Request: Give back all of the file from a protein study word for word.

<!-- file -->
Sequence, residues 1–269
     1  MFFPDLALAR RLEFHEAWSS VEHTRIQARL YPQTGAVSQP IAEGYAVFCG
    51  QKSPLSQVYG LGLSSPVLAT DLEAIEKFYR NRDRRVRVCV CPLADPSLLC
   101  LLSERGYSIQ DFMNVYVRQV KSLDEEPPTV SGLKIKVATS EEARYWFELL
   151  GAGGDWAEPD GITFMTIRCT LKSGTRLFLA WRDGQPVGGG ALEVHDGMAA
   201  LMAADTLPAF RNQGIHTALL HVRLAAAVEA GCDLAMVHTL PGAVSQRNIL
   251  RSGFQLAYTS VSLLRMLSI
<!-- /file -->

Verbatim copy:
Sequence, residues 1–269
     1  MFFPDLALAR RLEFHEAWSS VEHTRIQARL YPQTGAVSQP IAEGYAVFCG
    51  QKSPLSQVYG LGLSSPVLAT DLEAIEKFYR NRDRRVRVCV CPLADPSLLC
   101  LLSERGYSIQ DFMNVYVRQV KSLDEEPPTV SGLKIKVATS EEARYWFELL
   151  GAGGDWAEPD GITFMTIRCT LKSGTRLFLA WRDGQPVGGG ALEVHDGMAA
   201  LMAADTLPAF RNQGIHTALL HVRLAAAVEA GCDLAMVHTL PGAVSQRNIL
   251  RSGFQLAYTS VSLLRMLSI